Anonymous Los Angeles-based street artist HOMO RIOT got on a plane from Los Angeles to Chicago. Once he landed, he began roaming the streets, pasting stickers of two bearded, bearish men with masks over their eyes kissing, onto newspaper stands and streetlight poles everywhere. I came across one in my not-so-radical gay neighborhood Andersonville, took a photo of it with my “It Gets Better”-endorsed Apple iPhone, and picture-texted it to a fellow queer friend. “Cool!” she texted back. What happened afterward involves normal day-to-day activities like writing, drinking coffee and paying bills. Not really a radical intervention, but at least it broke up the monotony.
It’s with this problem—and perhaps, challenge—in mind that HOMO RIOT shows his self-titled exhibition at Bert Green Fine Art, a gallery located in the downtown business district of Chicago. The street artist decided to practice under the guise of HOMO RIOT starting in 2008 after Prop 8 passed. He was pissed, and took to the streets to express it. Not that this is a new concept—ACT UP operated under a similar strategy in the 1990s, taking their queer rage out in the public eye. Its sole purpose: political action for queers! And much like HOMO RIOT, ACT UP used all caps, acted collectively and radically, and didn’t claim their mission as something one person should take credit for. HOMO RIOT’s street art is activism for a new gay age, and this concept is compelling. His work at Bert Green Fine Art, however, seems to contradict his activist stance. He shows a collection of eleven limited-edition silkscreens, each named after a place where gay men cruise. Each image stands on its own, combining a street-art graffiti aesthetic with playful drawings of men—pissing, wearing masks, kissing—and images of cocks and ripped bodies from vintage porn magazines. Yet the very fact that HOMO RIOT is selling these works doesn’t really seem radical. Did the queer street art movement already sell out? Then again, even radical artists need to make a living. Follow @thehomoriot on Twitter for more. (Alicia Eler)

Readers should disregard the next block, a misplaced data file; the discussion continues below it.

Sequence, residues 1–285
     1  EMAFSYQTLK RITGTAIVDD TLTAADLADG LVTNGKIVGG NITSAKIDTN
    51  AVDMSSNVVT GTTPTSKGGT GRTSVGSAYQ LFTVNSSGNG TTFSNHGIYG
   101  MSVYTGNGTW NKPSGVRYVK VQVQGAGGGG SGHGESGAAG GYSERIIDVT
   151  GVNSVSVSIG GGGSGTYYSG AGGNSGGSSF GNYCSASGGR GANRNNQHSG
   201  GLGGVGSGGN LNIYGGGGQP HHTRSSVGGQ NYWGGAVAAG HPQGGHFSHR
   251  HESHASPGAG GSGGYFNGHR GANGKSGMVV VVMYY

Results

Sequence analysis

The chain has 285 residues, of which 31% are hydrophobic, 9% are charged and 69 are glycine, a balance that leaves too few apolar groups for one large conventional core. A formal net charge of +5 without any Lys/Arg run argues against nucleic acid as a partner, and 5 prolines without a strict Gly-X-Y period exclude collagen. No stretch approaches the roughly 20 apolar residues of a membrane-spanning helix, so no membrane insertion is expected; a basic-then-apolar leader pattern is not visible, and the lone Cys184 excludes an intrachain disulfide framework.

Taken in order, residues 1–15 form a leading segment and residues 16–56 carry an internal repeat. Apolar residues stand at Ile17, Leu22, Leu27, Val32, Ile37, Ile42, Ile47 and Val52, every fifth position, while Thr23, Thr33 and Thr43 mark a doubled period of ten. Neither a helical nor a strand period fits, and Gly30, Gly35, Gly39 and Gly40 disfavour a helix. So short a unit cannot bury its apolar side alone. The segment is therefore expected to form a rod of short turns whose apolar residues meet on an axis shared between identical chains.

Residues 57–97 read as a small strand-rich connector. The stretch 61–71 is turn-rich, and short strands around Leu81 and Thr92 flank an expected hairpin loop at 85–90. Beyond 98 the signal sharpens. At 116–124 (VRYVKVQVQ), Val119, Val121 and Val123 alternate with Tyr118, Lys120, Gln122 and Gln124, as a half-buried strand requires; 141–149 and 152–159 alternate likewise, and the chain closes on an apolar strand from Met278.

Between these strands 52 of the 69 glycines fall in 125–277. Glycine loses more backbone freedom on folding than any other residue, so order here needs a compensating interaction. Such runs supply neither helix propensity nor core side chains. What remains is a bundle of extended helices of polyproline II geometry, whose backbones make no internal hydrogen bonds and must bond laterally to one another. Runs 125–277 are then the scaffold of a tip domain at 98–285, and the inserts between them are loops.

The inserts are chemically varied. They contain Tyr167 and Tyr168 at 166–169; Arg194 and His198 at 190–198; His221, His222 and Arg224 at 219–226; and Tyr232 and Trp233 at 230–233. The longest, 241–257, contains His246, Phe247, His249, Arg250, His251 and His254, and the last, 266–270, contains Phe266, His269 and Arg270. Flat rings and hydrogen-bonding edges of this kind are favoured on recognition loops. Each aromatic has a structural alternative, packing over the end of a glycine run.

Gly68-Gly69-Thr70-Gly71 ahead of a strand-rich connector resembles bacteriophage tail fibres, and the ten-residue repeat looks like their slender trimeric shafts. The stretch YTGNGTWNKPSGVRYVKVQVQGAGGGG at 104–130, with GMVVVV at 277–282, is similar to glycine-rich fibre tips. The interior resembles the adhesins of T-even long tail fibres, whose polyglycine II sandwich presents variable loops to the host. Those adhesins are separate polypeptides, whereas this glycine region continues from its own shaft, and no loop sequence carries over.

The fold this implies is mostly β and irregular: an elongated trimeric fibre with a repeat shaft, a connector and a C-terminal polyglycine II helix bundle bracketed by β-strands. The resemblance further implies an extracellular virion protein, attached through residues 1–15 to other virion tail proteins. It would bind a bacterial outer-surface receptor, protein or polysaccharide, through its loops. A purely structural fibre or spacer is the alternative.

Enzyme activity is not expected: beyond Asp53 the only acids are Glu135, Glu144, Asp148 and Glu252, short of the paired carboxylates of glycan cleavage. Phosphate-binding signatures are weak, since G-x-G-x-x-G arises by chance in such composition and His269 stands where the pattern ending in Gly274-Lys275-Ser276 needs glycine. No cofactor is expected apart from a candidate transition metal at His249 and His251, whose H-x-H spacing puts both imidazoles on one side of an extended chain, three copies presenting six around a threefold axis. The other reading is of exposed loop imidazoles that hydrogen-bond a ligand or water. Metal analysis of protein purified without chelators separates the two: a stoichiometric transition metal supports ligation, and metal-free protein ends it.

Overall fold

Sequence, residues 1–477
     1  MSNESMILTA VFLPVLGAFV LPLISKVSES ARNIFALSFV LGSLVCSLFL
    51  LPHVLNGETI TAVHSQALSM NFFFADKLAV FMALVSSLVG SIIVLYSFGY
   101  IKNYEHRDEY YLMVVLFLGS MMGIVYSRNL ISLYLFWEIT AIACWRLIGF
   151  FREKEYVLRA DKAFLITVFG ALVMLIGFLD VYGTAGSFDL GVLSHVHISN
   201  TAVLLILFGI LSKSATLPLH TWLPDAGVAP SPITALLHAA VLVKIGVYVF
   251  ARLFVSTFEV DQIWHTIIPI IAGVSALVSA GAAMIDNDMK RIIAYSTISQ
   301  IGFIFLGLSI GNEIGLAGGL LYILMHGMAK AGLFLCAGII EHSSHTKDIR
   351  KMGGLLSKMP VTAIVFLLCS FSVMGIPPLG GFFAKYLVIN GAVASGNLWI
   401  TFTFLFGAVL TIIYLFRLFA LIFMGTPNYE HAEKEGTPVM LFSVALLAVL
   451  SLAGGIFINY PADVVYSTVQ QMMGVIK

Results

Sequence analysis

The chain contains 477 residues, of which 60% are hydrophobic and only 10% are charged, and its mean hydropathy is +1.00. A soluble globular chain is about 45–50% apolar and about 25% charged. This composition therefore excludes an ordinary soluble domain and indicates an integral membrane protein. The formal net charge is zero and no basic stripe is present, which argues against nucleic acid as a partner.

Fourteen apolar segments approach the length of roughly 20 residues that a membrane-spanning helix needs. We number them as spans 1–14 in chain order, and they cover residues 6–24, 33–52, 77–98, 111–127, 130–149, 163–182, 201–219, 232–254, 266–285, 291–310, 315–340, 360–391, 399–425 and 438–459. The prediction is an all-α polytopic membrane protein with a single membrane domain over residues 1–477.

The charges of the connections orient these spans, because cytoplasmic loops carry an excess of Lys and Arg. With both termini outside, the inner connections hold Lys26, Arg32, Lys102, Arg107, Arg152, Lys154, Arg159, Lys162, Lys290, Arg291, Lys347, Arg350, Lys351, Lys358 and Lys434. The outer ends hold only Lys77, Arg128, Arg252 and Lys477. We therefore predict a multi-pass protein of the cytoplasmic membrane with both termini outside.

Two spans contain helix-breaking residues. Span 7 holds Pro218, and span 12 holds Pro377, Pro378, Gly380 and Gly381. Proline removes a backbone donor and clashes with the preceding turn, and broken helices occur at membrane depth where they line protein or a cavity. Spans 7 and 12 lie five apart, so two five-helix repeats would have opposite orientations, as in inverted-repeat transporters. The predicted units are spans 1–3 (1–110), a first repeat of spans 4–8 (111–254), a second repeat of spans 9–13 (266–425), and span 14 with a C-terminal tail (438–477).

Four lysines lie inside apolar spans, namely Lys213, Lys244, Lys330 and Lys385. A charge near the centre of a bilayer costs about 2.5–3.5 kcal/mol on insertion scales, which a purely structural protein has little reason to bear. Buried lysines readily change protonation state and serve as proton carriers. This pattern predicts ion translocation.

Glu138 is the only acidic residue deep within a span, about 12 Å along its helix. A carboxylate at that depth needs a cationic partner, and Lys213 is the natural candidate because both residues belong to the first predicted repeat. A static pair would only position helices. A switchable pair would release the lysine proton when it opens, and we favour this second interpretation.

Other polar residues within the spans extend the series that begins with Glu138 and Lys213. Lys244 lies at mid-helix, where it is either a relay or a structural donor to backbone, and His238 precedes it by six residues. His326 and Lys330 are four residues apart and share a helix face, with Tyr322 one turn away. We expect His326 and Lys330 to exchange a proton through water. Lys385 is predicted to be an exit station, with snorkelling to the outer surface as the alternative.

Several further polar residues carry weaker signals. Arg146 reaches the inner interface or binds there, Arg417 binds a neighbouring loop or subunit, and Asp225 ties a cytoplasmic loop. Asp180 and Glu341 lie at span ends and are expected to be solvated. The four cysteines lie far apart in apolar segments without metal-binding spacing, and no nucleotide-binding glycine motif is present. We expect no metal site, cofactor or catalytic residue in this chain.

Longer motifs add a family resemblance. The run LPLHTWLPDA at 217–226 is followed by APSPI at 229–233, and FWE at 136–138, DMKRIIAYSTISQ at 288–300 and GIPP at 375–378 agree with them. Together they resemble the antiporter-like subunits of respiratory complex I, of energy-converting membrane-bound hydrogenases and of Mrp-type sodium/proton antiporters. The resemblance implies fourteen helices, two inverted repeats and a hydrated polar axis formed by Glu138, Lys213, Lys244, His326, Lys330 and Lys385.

Through December 22 at Bert Green Fine Art, 8 South Michigan, Suite 1220